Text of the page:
Users of Vine finally have the option to share their videos after they are posted after the newly-released short video app from Twitter got an update that also adds an age rating, following issues with pornographic content.
Version 1.0.5 of the app, issued today and first spotted by The Verge, brings the new sharing options and also sees the 6-second video app becoming the latest in a series of top services to get a 17+ age rating. Vine’s advisory was previously for users aged 12 and upwards, and the change follows the discovery of widespread pornographic content on the service.
Vine follows Tumblr and 500px in adding the age rating. The 500px app was actually initially removed from the App Store all together over the concerns about content. It was reinstated after adding the option to report photos.
It remains to be seen what the age restriction warning actually does. It takes nothing more than the clicking of ‘ok’ for this check point to be bypassed — that could be done by anyone of any age — and it appears to be nothing more than tick-box activity that is done to fulfill the requirements to be in the App Store.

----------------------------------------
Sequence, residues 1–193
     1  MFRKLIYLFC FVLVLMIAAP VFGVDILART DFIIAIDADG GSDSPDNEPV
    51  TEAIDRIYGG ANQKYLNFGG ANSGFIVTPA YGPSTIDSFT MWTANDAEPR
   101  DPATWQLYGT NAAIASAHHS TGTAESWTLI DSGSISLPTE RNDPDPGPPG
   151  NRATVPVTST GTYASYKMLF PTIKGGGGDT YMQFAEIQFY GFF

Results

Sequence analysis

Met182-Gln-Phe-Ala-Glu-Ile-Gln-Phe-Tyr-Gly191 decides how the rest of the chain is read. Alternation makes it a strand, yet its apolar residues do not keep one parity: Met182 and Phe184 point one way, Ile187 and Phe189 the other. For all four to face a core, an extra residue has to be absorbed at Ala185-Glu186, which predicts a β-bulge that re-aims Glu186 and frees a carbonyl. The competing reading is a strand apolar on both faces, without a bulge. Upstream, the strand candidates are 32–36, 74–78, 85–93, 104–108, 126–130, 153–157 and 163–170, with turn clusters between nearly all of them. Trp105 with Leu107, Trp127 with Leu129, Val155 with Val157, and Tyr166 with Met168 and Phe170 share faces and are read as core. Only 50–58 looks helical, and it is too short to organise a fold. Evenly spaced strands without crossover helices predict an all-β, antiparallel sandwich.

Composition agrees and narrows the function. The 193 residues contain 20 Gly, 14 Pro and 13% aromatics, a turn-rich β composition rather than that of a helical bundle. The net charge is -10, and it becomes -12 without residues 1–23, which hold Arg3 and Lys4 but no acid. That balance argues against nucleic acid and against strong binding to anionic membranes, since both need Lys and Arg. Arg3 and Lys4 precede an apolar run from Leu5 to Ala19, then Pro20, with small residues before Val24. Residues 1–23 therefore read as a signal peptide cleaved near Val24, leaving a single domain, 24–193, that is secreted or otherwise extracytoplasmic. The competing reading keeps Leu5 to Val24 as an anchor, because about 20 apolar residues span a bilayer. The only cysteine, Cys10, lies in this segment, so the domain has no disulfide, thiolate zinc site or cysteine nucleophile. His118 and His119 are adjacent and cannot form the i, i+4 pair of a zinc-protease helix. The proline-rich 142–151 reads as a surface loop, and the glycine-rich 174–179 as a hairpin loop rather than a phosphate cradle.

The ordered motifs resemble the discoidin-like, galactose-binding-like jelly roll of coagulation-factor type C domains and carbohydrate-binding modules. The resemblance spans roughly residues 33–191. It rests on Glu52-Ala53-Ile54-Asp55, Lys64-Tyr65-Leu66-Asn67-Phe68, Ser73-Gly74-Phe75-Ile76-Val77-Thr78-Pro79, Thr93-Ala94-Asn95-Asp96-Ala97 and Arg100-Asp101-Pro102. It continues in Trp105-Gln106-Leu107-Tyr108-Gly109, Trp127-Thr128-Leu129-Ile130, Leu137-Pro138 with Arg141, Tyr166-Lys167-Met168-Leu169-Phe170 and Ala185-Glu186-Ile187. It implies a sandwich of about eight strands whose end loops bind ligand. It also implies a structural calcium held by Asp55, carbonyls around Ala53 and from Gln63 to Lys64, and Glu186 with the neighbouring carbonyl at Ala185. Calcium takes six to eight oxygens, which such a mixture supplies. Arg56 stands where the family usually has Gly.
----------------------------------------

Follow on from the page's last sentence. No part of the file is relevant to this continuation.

In a related move, Vine also now has the option to report or block a user profile, that’s in addition to the pre-existing option to report a specific video. In the case of the report user button, this is another move to combat unsuitable content via its creators, while the block function mirrors that of Twitter’s own service.
Focusing on usability, the addition of Facebook and Twitter sharing for existing videos is a welcomed one. Most other multimedia services allow content to be shared at a later date, which highlighted the lack of that option with Vine — as I recently mentioned on Twitter.
Despite the changes, Vine doesn’t yet allow users to share other people’s videos to Twitter, Facebook or other services. That is still possible, however. As we wrote last week, if you have the link to a video, you can use the Vineit service to add it to Tumblr or embed it on other blogs.
➤ Vine (App Store)
Headline image via Thinkstock
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